I will spend some time reflecting on where I am and where I want to be. This week will be a period of planning what I want to work on next. As I move through my week, my distress responses and feelings of dissatisfaction will become useful indicators that give me clues on what I would like to be different in my life.  I will remind myself that I am a work in progress and the messy areas are simply the bits I haven’t gotten to yet.

We’ve now been posting weekly strategies for a year. Today’s post marks the beginning of the next round of strategies.

This week, I will keep a notebook on me at all times. Whenever I notice something that I would like to be better at or find easier or respond differently to, I will write it down.

At the end of each day I will spend a bit of time reading over my notes for that day. I will spend some time writing down what skills and strengths I will need to develop in order to transform these things for myself.

At the end of the week, I will look back over my reflections and select the easiest, simplest one to work on first. In the coming weeks, I will focus on practicing techniques that will help me to develop this skill.

I will add ‘A Reflect Point’ to my Personal Coping Kete and return to it from time to time to review where I am at and where I want to go.

No. 52: Radical Acceptance

This week to attain, maintain or regain my sense of wellbeing…

I will practice radical acceptance. Acceptance is “The action of consenting to receive or undertake something offered.”  Radical Acceptance is “seeing exactly what is [even the really bad things] and just… accepting the fact of its existence.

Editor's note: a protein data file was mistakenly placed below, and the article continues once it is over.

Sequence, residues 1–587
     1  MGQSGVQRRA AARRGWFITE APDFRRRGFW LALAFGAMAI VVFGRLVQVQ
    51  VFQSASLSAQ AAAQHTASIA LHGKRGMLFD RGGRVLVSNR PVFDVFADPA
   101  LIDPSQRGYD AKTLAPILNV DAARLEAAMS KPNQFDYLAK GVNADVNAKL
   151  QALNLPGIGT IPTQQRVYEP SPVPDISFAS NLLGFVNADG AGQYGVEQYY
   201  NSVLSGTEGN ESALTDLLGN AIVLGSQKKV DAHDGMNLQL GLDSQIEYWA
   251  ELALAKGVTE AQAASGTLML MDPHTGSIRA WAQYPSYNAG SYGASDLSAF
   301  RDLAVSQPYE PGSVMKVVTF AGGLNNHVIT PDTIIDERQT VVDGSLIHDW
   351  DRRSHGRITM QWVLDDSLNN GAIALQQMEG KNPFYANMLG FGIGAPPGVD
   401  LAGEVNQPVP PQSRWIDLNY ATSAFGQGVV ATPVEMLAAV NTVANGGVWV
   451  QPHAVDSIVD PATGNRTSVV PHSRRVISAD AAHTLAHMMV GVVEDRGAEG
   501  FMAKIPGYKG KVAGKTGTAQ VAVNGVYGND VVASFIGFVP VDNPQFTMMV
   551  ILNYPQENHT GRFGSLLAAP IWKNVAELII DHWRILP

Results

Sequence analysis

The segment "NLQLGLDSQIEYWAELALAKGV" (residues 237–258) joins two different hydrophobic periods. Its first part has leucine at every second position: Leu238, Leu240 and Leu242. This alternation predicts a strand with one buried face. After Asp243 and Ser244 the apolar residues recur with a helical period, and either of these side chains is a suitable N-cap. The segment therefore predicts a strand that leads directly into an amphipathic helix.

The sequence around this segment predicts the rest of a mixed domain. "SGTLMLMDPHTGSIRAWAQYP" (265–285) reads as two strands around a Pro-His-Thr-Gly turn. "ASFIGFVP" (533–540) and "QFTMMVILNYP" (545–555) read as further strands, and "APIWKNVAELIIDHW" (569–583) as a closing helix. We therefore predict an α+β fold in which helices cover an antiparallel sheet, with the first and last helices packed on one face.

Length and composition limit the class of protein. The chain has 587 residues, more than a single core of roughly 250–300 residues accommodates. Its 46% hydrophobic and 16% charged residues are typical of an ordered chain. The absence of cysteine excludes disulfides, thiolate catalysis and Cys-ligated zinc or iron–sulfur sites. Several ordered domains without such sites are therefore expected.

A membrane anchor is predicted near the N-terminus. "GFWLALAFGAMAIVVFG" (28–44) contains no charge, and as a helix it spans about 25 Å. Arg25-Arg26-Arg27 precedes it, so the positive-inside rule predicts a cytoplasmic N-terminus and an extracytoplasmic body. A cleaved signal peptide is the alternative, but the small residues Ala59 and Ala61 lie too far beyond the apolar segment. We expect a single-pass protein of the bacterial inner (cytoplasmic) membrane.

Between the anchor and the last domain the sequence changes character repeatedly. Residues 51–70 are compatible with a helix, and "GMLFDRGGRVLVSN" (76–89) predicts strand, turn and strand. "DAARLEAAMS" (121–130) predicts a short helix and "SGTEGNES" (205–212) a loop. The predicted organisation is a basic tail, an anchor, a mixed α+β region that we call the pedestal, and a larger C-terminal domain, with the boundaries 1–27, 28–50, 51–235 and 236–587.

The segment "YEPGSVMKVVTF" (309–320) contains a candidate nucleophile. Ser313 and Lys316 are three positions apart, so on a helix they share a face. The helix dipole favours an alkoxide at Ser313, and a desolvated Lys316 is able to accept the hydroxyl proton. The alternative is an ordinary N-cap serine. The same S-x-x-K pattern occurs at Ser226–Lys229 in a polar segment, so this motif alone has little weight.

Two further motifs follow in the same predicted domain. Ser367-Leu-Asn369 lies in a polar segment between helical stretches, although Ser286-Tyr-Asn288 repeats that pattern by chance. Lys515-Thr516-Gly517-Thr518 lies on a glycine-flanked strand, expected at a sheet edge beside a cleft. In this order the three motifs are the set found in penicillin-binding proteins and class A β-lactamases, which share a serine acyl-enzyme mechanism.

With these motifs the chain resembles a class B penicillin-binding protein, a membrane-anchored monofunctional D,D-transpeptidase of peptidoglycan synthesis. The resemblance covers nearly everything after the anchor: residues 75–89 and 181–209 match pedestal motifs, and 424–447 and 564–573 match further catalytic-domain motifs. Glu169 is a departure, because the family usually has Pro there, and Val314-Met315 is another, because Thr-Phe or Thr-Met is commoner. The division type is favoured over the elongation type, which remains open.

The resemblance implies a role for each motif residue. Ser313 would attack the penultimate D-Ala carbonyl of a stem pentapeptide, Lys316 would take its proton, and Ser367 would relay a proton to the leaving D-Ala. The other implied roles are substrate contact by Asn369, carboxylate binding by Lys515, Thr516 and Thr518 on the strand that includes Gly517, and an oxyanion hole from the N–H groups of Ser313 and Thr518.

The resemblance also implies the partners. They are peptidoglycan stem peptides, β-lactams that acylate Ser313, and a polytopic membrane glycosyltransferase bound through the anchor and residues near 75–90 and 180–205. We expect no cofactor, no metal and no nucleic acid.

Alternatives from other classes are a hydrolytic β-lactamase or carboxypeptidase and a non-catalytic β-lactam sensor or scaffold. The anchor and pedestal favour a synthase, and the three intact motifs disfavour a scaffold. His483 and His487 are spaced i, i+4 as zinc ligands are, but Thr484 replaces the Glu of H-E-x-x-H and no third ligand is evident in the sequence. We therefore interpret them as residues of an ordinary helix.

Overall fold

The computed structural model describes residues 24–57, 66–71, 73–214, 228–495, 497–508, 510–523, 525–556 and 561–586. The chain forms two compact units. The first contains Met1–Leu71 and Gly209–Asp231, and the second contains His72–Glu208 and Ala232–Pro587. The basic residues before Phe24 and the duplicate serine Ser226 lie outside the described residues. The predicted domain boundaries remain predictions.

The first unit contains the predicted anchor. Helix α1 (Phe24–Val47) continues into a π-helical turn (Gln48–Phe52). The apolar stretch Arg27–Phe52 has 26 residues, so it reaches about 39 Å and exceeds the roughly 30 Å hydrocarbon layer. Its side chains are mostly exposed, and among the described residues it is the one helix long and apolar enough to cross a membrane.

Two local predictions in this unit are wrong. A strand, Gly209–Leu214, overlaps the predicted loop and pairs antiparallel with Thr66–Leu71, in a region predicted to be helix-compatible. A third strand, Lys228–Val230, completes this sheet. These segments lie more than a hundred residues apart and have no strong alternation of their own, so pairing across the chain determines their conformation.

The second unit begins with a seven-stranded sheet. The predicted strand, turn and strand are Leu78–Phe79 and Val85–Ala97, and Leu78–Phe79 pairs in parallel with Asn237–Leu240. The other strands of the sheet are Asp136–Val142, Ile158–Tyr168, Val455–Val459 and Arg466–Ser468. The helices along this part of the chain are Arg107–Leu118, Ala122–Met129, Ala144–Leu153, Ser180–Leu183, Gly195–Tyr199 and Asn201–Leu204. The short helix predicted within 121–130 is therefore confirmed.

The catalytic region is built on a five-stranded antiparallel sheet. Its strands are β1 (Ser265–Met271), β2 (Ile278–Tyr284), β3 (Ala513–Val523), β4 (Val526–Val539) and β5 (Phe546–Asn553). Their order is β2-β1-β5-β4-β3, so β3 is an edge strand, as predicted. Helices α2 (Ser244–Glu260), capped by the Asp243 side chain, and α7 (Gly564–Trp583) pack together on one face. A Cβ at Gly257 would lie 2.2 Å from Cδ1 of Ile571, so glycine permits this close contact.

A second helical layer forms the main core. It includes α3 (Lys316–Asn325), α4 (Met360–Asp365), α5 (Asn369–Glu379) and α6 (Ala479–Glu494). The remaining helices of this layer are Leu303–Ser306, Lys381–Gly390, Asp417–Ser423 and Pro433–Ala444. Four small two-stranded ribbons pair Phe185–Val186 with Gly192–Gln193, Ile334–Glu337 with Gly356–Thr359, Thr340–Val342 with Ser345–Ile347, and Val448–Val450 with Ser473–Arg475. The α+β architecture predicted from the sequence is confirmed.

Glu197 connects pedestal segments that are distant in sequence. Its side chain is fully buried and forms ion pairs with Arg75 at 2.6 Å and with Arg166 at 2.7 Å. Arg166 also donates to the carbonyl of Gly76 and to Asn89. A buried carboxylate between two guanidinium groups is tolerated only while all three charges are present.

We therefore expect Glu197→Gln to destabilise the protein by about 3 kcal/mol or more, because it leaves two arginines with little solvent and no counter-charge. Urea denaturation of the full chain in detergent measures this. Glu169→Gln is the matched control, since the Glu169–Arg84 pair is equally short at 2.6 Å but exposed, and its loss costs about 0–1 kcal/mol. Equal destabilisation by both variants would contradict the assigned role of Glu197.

This week I consent to receive life on its own terms. 

By practicing Radical Acceptance, I give up on fighting reality. I accept what is and what isn’t. It means I accept the things I cannot change. It doesn’t mean I become passive and give up on changing the things I can change. This week I will practice telling the difference between the two.

In accepting how things are, I will be free to respond to current events as they really are and nurture myself in the most effective way. In accepting how things are, I give up on all self-blame or negative judgement, because I also accept myself and my reactions.

I will accept what is happening and what I need in the moment, and I will give it to myself.

Motto for the week “que sera sera… whatever will be, will be.”

Once I am used to using radical acceptance with the everyday stuff, I will add it to my Personal Coping Kete as a strategy for soothing unwanted emotions and letting go of distressing thoughts. When I find myself feeling stressed, pressed or distressed, I will observe myself without judgement and without wasting any energy on denying or resisting what is happening or how I feel.

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Acknowledgement: Marsha Linehan is known for popularising mindfulness and the concept of radical acceptance in the mental health community with Dialectical Behaviour Therapy (DBT).